According to Mumbai’s Municipal commissioner Iqbal Singh Chahal there are plenty intensive care unit (ICU) beds and fully air-conditioned facilities available at all Jumbo Covid Centres but middle-class patients who form about 95% of the new COVID wave do not want to go there. This is causing confusion and a false sense of scarcity, said the commissioner, who is striving to help increase private hospital capacity, even while pointing out that most Jumbo centres set up by the BrihanMumbai Municipal Corporation (BMC) or Municipal Corporation of Greater Mumbai (MCGM) are air-conditioned and equipped with plenty of beds with ventilator facility,
Despite the sharp spike in corona patients in the past few weeks, the MCGM has more than 5,400 beds vacant overall, in designated hospitals. This includes, 148 ICU beds and 63 ventilator beds. The commissioner was responding to panic caused on social media by someone, who drove around for five hours with a 75-year-old Covid patient looking for hospitals. The municipal commissioner is at pains to tell people not to panic and to work through the dedicated helplines to avail of hospital facilities.
Responding to a tweet from a relative of a patient who was moving around in car in search of a bed in hospital, the BMC says, "We request all Mumbaikars to contact respective war rooms or 1916 - we have enough beds vacant and no one needs to go through this chase."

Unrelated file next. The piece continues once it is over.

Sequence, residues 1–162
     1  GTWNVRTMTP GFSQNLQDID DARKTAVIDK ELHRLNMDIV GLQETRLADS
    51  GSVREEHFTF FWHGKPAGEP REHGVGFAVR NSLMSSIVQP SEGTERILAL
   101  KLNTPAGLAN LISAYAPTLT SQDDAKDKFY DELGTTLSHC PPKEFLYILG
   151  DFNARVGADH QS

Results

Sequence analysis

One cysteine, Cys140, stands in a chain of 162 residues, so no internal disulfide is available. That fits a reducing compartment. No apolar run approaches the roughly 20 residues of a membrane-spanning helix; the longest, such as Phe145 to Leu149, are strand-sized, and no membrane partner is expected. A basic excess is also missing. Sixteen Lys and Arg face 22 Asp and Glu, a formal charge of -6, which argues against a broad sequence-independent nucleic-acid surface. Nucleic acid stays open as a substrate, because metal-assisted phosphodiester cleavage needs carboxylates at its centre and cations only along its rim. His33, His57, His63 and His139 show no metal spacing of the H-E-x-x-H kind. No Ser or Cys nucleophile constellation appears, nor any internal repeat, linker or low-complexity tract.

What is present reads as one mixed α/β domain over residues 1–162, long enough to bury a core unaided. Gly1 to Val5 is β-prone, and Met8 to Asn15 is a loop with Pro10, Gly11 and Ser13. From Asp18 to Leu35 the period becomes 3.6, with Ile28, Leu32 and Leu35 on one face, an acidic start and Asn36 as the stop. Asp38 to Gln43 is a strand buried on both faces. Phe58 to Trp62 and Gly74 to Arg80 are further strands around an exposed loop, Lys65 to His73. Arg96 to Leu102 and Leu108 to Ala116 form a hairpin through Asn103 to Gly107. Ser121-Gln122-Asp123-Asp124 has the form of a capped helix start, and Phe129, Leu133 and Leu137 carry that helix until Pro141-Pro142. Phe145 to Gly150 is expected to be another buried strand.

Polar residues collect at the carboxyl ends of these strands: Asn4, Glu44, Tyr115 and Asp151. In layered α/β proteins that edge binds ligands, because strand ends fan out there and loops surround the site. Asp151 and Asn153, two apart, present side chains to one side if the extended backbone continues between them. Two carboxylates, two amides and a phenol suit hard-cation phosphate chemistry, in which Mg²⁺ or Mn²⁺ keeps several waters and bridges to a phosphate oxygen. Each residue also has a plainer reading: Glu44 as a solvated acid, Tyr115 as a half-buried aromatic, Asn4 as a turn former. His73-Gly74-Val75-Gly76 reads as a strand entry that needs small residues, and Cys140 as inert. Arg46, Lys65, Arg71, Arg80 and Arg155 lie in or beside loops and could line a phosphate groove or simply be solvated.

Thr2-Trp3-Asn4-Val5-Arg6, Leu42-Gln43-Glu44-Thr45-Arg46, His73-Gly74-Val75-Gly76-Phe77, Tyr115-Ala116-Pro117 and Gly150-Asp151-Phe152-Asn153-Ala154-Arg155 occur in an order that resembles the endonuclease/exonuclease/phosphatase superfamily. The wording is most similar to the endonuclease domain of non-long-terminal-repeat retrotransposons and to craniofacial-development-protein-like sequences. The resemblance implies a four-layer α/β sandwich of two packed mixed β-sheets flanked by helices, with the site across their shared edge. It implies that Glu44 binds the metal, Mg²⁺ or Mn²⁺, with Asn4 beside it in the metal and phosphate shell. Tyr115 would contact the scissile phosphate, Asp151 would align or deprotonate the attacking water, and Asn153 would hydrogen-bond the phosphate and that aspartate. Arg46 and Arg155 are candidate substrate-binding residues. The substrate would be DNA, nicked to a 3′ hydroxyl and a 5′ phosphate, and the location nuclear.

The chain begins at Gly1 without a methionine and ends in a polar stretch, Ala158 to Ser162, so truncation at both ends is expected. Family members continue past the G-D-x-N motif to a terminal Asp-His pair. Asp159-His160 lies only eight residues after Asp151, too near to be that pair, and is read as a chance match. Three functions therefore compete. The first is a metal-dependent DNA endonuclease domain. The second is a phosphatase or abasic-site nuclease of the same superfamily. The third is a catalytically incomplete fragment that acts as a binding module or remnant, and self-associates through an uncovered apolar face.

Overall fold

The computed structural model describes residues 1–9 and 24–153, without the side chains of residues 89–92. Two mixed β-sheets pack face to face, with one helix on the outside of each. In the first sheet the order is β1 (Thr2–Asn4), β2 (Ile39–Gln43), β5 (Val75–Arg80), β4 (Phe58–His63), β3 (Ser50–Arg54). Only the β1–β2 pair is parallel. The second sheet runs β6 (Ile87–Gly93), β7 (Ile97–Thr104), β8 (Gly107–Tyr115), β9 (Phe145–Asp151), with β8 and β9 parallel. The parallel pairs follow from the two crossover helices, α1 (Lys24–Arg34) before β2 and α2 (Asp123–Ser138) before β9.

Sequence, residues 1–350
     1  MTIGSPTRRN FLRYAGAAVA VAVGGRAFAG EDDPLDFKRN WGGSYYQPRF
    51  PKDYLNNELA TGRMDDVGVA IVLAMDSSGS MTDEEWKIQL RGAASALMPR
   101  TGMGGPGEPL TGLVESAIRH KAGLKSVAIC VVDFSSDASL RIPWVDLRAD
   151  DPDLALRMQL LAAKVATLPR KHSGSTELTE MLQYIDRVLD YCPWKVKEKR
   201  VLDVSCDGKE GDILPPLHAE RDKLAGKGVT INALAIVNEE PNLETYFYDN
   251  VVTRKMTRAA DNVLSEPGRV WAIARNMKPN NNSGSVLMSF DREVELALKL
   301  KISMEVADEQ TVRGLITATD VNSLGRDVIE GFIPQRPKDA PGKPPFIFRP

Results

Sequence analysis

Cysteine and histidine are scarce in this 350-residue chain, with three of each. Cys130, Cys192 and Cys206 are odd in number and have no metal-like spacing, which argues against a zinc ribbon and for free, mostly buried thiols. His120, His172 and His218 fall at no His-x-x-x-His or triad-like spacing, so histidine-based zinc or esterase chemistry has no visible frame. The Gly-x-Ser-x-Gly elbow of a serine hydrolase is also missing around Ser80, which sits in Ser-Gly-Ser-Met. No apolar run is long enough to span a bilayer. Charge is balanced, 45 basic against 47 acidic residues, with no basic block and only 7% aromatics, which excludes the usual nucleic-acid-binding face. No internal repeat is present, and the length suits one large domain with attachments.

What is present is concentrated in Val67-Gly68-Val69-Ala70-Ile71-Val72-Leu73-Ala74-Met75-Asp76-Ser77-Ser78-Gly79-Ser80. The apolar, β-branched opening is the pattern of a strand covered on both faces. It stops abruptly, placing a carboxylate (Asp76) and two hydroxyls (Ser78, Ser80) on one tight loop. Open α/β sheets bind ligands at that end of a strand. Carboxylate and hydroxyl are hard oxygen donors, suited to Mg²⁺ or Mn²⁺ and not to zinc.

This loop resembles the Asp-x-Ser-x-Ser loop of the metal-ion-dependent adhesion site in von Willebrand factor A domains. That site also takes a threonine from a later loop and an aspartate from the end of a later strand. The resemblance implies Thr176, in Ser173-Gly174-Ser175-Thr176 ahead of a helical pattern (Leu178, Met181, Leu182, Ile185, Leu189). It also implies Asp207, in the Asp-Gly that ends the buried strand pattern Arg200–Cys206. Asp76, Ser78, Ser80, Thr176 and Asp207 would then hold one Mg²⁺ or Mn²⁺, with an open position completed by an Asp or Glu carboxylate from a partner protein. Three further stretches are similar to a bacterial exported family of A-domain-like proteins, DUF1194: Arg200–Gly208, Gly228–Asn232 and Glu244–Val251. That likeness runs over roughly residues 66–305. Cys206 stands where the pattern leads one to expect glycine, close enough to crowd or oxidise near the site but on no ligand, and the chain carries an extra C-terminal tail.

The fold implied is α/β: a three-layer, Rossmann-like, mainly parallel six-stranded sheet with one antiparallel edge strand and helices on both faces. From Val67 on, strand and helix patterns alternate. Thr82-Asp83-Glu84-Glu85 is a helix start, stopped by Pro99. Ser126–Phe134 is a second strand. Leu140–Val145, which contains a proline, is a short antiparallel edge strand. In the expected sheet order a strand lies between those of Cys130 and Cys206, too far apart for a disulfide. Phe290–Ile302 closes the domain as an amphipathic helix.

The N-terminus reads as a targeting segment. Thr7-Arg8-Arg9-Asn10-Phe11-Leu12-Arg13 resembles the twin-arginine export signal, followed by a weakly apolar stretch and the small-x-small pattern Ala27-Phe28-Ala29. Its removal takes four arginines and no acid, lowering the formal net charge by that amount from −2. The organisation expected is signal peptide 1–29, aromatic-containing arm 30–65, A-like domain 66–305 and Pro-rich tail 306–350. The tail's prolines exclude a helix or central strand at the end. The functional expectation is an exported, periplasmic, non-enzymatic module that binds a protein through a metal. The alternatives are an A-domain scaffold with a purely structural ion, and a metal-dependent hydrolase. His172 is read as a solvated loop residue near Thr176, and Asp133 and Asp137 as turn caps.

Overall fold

The MCGM has set up a ward wise war room for bed allotment and has been requesting families of patients to call on numbers of their respective wards without going out of home.
A report in the Indian Express
also points to odd requests from families of Covid-19 patients. Quoting, Kiran Dighavkar, assistant municipal commissioner for G-North ward, the report says, "We have enough beds in our Covid centres. But I get many calls every day seeking beds in Hinduja Hospital or Raheja Hospital. These hospitals have a waiting period for beds. When our team from the war room requests them to go to civic Covid care centres, they refuse and keep waiting."
Another ward officer told the newspaper that due to reluctance, condition of many patients’ starts deteriorating. “People call and ask if a bed is available in a particular hospital. If there is a waiting period, they remain in home isolation. In some cases, the patients’ condition worsens,” says Prashant Gaikwad, assistant municipal commissioner for D ward.
Many people, who had s friends, relatives or colleagues admitted at BMC's Covid centre are full of praise of the facilities and service provided by doctors, nurses, and all staff there.
Coming back to the availability of beds in Mumbai, as on 5th April, there were 1,924 ICU beds, spread across public and private hospitals, out of which 1,776 were occupied and 148 available. Overall, BMC has a bed capacity of 21,752, including dedicated COVID-19 health centres (DCHC) and dedicated COVID-19 hospitals (DCH) and COVID Care Centre-2 (government centres with doctors and nurses present all the time). Out of these, about 16,352 beds were occupied and 5,400 were vacant, information available on the municipal corporations' dashboard shows.
There are around 64,208 beds in quarantine facilities at BMC-run centres. Of this, around 13,284 are currently active beds, 5,188 beds are buffer beds and the remaining 45,736 beds are reserved, which can be used as per need.